If you authorize a machine on the outside, and grant access to all sessions
from that machine into your private network, then you are susceptable to
an intrusion from an unauthorized person taking control of that machine.
The best "defense" against this is User Authentication and Authorization.
Don't create a rule where you allow all sessions from a machine outside
of your control to form sessions into your private network. Instead, have
each session validated by making the _person_ requesting the session
authenticate themselves (username/password) on the firewall. Also, before
allowing the session to complete, it's a good idea to actually authorize
the session by another rule.
I'm not familiar with Firewall-1, but for firewalls in general, you would
create accounts for Bob and Alice. You would tell your firewall that it's
OK for Alice to telnet (through the firewall) to your internal payroll
machine; but it's not OK for Bob. After that, even if Bob has authenticated
himself with a valid userid/password, he still cannot form a session to
the payroll machine. This works for 'people' initiated sessions - telnet,
ftp, www, etc - but doesn't work for machine interactions like SMTP.
Even if you've got all of that in place, an adept hacker can still place a
packet capturing process on that outside machine, if they can gain control
over that machine. The next time that Alice logs into the payroll machine
(through the firewall) all of the passwords would be captured and stored.
The hacker can use these to gain access to the payroll machine - masquerading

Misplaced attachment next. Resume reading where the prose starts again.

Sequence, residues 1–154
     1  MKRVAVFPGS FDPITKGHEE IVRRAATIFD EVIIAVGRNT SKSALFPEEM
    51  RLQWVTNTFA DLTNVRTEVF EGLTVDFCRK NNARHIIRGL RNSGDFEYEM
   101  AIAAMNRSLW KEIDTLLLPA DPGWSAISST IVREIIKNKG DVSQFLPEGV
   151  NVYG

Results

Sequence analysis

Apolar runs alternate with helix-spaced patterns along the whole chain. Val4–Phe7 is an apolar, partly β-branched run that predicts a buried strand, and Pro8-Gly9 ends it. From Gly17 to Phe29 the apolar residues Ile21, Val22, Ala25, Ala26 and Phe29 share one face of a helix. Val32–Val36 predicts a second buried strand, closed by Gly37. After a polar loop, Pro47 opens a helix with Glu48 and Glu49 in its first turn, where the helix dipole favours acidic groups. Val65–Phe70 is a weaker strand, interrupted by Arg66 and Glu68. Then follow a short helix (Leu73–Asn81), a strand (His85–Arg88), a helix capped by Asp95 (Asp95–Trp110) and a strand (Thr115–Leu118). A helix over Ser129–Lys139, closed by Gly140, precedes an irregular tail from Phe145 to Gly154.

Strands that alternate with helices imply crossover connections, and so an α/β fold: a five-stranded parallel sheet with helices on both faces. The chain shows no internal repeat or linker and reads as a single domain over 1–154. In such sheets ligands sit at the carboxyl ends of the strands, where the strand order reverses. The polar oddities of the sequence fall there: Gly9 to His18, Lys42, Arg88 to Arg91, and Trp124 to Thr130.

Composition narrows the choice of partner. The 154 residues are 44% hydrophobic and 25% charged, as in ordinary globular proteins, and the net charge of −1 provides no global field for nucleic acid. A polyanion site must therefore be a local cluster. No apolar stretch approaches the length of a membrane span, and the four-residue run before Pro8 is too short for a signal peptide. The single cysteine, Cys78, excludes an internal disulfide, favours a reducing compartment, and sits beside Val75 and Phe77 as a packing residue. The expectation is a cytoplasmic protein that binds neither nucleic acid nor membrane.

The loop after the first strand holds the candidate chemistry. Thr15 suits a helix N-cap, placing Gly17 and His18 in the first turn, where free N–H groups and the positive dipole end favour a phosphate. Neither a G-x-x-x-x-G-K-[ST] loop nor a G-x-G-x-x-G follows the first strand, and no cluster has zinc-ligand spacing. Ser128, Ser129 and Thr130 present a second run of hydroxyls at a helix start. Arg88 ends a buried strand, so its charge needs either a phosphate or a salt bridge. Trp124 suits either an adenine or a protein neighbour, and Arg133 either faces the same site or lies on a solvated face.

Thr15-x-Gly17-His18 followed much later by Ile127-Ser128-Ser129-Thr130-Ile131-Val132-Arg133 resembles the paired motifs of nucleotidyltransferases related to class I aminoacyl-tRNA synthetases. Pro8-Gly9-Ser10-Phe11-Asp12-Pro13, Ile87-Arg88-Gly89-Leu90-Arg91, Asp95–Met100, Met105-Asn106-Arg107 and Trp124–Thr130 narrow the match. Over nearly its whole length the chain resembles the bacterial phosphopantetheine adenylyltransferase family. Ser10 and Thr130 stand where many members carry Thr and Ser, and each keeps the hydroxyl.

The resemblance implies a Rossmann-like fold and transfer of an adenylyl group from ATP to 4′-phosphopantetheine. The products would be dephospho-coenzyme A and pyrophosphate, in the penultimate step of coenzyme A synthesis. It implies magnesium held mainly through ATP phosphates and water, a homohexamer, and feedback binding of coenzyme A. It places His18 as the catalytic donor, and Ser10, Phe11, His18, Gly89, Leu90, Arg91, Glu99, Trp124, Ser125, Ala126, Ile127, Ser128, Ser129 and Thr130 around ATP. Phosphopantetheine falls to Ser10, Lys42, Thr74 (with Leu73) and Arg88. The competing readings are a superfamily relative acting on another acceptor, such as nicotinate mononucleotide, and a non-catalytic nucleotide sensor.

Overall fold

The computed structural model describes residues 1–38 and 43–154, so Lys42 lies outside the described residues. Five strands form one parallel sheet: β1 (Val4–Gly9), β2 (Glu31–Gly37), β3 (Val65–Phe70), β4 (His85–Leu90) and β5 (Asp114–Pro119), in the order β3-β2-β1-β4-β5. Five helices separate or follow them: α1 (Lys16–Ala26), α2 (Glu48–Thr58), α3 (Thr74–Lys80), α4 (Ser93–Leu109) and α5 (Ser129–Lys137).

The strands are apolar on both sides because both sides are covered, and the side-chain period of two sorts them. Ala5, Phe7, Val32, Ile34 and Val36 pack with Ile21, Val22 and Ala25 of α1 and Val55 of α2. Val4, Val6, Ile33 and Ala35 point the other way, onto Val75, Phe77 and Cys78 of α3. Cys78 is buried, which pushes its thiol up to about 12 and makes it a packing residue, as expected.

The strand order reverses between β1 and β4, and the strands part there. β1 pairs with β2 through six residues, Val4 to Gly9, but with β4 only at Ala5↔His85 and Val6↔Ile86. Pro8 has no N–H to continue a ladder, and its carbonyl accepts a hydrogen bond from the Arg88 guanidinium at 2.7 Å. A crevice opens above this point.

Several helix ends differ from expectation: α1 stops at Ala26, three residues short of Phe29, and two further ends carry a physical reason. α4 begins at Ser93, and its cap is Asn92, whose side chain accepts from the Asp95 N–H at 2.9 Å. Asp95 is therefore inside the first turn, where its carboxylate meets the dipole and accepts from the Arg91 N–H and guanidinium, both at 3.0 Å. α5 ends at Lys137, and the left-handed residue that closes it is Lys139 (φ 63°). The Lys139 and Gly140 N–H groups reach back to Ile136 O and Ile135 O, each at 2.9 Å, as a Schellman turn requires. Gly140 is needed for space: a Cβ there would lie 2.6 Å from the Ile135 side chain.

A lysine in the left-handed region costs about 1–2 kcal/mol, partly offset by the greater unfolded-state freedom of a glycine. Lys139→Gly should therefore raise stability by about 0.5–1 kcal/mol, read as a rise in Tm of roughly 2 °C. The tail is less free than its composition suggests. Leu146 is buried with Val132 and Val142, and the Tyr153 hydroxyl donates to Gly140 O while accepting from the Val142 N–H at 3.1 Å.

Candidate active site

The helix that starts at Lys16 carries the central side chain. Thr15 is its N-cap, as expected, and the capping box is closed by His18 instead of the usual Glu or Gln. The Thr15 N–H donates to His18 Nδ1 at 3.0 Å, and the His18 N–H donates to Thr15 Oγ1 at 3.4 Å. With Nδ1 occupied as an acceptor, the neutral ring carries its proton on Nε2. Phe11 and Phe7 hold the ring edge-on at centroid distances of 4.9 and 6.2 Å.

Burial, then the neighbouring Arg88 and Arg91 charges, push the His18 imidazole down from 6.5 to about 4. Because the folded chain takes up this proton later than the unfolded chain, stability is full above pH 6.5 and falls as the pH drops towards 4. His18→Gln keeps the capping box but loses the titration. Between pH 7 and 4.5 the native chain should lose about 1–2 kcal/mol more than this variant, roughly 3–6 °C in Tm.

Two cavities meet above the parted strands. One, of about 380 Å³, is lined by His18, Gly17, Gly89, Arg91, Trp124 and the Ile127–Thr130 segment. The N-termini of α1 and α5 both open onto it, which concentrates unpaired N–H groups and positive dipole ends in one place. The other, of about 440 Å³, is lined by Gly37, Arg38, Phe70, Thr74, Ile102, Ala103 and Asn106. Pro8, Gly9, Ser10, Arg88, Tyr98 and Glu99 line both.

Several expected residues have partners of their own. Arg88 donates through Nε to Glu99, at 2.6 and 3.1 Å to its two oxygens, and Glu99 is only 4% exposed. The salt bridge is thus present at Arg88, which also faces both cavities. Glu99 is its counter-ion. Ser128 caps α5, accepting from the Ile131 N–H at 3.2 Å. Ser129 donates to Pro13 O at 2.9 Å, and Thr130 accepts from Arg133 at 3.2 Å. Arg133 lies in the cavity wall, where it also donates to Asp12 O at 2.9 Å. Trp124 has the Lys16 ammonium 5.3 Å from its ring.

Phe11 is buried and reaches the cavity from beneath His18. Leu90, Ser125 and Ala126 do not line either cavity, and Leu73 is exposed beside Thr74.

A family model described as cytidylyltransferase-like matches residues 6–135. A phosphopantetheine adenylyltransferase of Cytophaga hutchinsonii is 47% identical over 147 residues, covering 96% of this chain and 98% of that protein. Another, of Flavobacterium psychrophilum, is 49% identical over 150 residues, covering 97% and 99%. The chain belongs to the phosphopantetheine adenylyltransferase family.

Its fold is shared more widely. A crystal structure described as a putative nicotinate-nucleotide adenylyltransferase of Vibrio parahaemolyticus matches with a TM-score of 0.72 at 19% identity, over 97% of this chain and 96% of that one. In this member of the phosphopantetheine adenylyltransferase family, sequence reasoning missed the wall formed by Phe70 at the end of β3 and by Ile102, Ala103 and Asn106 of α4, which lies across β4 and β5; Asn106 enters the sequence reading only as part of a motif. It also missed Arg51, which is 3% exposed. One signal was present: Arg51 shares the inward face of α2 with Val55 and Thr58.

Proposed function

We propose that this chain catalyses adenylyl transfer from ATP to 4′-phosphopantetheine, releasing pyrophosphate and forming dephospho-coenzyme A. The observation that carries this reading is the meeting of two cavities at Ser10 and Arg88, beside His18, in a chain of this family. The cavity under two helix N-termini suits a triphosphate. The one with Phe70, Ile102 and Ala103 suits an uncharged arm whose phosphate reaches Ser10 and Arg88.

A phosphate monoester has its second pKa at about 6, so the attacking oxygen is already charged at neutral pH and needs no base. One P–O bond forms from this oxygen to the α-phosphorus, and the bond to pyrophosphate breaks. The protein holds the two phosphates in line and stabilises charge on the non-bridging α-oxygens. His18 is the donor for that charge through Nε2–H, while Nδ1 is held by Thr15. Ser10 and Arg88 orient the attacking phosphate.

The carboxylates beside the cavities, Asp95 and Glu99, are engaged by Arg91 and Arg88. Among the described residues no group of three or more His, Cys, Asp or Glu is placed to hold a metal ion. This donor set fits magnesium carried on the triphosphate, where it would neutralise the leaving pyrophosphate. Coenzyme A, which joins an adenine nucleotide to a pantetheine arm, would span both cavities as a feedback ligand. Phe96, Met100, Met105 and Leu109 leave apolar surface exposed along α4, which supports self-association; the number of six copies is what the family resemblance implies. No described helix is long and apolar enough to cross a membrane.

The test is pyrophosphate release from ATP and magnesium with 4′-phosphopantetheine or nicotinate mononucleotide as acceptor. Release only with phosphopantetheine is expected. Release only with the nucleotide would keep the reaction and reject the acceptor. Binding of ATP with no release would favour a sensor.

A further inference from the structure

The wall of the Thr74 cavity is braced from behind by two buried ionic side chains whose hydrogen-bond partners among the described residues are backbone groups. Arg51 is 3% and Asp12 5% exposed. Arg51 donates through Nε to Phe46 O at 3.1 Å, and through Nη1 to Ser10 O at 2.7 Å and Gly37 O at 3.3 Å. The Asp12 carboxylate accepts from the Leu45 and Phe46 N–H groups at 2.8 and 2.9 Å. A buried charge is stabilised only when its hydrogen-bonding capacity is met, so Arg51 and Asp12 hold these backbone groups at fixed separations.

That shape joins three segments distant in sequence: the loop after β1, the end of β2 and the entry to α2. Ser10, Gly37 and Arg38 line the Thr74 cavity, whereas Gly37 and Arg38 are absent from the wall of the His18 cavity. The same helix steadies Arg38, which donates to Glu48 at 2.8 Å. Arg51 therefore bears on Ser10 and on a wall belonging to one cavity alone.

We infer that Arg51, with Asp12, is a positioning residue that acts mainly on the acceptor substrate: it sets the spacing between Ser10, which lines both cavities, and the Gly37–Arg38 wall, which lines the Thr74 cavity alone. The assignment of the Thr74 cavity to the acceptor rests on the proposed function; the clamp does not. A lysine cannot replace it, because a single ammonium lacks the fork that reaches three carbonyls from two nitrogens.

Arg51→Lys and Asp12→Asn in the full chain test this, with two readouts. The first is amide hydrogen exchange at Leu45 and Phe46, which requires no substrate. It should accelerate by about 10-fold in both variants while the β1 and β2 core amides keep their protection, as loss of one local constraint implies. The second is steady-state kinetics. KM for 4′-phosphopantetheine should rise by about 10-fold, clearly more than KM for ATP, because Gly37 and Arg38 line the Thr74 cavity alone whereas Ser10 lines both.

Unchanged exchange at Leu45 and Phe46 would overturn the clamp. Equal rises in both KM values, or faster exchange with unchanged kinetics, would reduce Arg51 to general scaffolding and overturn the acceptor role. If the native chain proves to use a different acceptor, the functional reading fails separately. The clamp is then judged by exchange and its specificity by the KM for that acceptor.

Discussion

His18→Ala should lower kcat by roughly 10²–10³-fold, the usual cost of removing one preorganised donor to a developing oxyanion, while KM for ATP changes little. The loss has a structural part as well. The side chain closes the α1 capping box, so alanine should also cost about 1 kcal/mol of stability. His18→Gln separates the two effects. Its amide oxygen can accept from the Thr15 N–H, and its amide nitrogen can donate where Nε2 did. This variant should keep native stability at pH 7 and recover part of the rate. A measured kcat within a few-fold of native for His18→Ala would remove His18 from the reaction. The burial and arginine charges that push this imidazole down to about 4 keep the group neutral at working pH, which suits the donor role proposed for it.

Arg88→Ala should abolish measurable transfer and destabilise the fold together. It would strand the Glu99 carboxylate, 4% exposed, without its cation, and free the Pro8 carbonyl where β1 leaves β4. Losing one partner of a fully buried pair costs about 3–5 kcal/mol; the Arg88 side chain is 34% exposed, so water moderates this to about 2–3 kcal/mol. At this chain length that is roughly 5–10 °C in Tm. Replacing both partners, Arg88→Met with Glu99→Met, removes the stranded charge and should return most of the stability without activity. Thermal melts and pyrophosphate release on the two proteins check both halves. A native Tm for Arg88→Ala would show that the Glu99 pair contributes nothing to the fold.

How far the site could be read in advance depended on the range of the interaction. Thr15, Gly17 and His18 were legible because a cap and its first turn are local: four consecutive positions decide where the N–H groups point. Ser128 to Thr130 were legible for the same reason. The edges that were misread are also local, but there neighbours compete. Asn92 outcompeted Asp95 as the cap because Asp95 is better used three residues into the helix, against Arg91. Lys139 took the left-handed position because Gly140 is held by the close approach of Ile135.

as Alice. The "defense" against this is to use "one time" password
generators - SecureID Cards and the like.
However, even if you get all of this in place, the wiley hacker can still
perform session hijacking to gain access to your internal machines. (See
CERT advisory CA-95:01.)
I don't want to seem altogether pessimistic on the subject - but I do think
that a very determined person can crack any system, given enough time. Even
Mike's systems are not invulnerable. It would just take a very determined
person to get through his defenses - using electronic means.
Take the time to identify your needs and assess your risks. Getting a good
firewall strategy, a good policy and a good monitoring system can allow you
to have a successful and productive Internet connection. With these in place,
you will not be an easy target and you will easily thwart most hacking
Hope this helps,
Houston, TX, USA
At 04:44 PM 12/30/96 -0900, Mike Bernhardt wrote:
>At 7:05 AM 12/30/96, Ralph Docken wrote:
>>Question: If that workstation, which isn't under my physical
>>control, is connected to something else, which I have no control
>>over, could someone on the "something else" network use the
>>validated workstation as a stepping stone through my FW-1? If
>>so, is there some way to detect that? My initial scenario was
>>that some outsider could crack into the poorly defended external
>>workstation, then use telnet or something like that to ride the
>>validated workstation's credentials through my firewall.
>Unless I'm misunderstanding your question, I'd say the result would depend
>on how your authentication is configured. Specifically, is there a period
>of trust, whereby an authenticated workstation doesn't need to
>reauthenticate for a specified period of time when opening new sessions?
>Any new sessions would appear to come from the trusted machine, so there'd
>be no way to know.
>We don't allow any access over the internet to anything. We have secured
>dial-up and isdn access for users that need access from outside. But that's
>us, your needs may be different.
>"He who dies with the most toys, still dies."
Yeah, but the end-game is a lot more fun.